Just starting out is hard, harder when the chosen career is farming: it's capital-intensive , labor intensive and uncertain at times. Nathan Kauffman, Kansas City Federal Reserve Economist, says in addition to lower levels of equity and higher debt ratios, farmland prices are now compounding the challenges of farming.
According to the latest report on young and beginning farmers from the Kansas City Federal Reserve, recent trends point to a decline in the share of young farmers who are full owners of the land they operate, mostly due to operations that have gotten larger and advancements in farming, requiring fewer owner-operators.
And, new technologies also mean rising production costs, serving as a barrier to farm ownership and triggering ripple effects in agricultural finance, Kauffman says.
"According to the USDA, about 40 hours of labor were required to produce 100 bushels of corn in the 1880s. Less than two hours of labor are needed today," Kauffman explains. "As a result, the average size of farms has grown from 133 acres in 1880 to 420 acres in 2012, and the number of farms has fallen from 4 million to 2.1 million during the same time."
An age shift has accompanied the size trend, also, with older farmers sticking around when times are good. Likewise, more younger farmers enter the profession.
So what does all of this create? Kauffman says often it can translate into ag financiers requiring more collateral for farmland purchases due to younger farmers' greater risk. Therefore, young and beginning famers are opting to rent land instead of an outright purchase.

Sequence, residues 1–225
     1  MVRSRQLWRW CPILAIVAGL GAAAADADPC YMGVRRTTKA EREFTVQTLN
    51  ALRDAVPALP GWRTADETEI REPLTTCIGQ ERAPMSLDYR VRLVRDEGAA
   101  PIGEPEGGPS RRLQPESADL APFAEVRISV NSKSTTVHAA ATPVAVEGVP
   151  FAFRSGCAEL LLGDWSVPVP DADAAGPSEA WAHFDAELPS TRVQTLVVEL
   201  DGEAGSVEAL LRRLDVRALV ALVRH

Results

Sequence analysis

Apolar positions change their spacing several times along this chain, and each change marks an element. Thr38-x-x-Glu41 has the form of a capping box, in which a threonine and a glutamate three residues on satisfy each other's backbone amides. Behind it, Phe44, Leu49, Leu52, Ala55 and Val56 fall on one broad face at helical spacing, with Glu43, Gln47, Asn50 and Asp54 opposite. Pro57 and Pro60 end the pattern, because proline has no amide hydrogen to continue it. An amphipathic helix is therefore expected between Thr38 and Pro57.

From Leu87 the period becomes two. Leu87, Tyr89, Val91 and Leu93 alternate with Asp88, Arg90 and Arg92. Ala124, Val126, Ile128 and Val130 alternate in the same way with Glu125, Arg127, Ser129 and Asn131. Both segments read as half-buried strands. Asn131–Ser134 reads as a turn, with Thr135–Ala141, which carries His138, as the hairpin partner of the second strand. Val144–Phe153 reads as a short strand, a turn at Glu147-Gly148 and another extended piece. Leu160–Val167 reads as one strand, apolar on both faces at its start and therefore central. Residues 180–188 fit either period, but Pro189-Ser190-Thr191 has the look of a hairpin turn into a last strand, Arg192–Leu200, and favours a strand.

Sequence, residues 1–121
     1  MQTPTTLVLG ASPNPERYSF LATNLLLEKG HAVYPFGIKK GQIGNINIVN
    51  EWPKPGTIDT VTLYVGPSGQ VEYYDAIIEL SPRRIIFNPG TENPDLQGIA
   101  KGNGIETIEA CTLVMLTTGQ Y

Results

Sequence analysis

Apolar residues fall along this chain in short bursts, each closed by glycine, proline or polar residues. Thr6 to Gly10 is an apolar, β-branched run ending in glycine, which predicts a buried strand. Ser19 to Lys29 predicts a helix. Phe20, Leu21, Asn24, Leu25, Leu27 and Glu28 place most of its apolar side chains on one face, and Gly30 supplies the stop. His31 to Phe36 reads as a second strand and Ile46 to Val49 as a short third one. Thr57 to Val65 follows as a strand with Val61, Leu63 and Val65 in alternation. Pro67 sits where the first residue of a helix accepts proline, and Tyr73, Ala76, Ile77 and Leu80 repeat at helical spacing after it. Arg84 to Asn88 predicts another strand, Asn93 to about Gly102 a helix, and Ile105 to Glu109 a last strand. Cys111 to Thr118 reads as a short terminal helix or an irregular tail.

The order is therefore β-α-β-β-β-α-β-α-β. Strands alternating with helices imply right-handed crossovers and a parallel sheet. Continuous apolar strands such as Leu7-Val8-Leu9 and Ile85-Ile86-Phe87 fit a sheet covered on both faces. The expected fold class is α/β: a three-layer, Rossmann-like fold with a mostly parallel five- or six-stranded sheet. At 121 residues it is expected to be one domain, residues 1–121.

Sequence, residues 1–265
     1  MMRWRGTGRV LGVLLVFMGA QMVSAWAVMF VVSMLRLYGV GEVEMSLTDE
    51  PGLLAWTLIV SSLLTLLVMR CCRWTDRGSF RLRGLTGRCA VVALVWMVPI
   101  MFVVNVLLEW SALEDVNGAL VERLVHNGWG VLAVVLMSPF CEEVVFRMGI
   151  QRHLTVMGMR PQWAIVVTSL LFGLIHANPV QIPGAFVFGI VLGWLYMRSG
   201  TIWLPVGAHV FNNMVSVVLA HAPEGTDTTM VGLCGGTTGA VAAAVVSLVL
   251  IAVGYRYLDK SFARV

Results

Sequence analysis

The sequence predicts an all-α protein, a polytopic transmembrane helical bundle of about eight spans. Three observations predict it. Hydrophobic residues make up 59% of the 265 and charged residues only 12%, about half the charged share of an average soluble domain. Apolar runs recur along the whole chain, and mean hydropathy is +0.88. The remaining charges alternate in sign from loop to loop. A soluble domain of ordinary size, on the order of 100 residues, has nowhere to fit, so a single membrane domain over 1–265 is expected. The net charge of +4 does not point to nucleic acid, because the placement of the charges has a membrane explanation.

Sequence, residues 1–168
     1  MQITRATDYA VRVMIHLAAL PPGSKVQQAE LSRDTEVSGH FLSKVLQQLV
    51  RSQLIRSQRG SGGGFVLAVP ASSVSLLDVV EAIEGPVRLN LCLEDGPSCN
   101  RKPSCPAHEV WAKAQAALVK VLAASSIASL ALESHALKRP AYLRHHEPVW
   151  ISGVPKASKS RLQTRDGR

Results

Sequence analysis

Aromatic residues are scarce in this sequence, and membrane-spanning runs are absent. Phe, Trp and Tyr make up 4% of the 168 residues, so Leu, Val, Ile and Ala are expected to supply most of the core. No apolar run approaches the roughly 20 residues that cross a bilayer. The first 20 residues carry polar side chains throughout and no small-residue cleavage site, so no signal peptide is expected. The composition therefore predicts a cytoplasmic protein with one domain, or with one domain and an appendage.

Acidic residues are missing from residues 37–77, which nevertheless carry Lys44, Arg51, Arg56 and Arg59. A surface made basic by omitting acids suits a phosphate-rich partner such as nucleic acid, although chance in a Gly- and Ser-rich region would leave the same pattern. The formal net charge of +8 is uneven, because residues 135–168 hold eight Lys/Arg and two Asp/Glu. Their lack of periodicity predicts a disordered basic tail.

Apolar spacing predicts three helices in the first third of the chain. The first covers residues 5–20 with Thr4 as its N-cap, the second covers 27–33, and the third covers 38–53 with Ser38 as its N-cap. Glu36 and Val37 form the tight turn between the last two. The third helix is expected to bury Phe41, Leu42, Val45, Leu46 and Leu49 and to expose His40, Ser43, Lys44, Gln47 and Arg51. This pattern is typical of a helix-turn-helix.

"Escalating land values raise the fixed costs of agriculture and accentuate the difficulties young and beginning farmers face in building an owner-operator business," Kauffman writes.
And, with less experience typically comes less equity and lower debt-to-asset ratios. Overall, Kauffman says commercial banks are reporting that they are making fewer loans to young and beginning famers, though bankers are also seeing higher loan repayment rates among younger farmers. Though, he notes, this could be a function of more selective lending.
Despite the moving parts, current federal and state policies still support the owner-operator model of U.S. farm enterprises, Kauffman says. However, the future of farming could transition more toward a renter-operator model – especially if market forces continue to drive up the fixed costs of production.
Click here to read the full KC Fed Report, complete with graphs.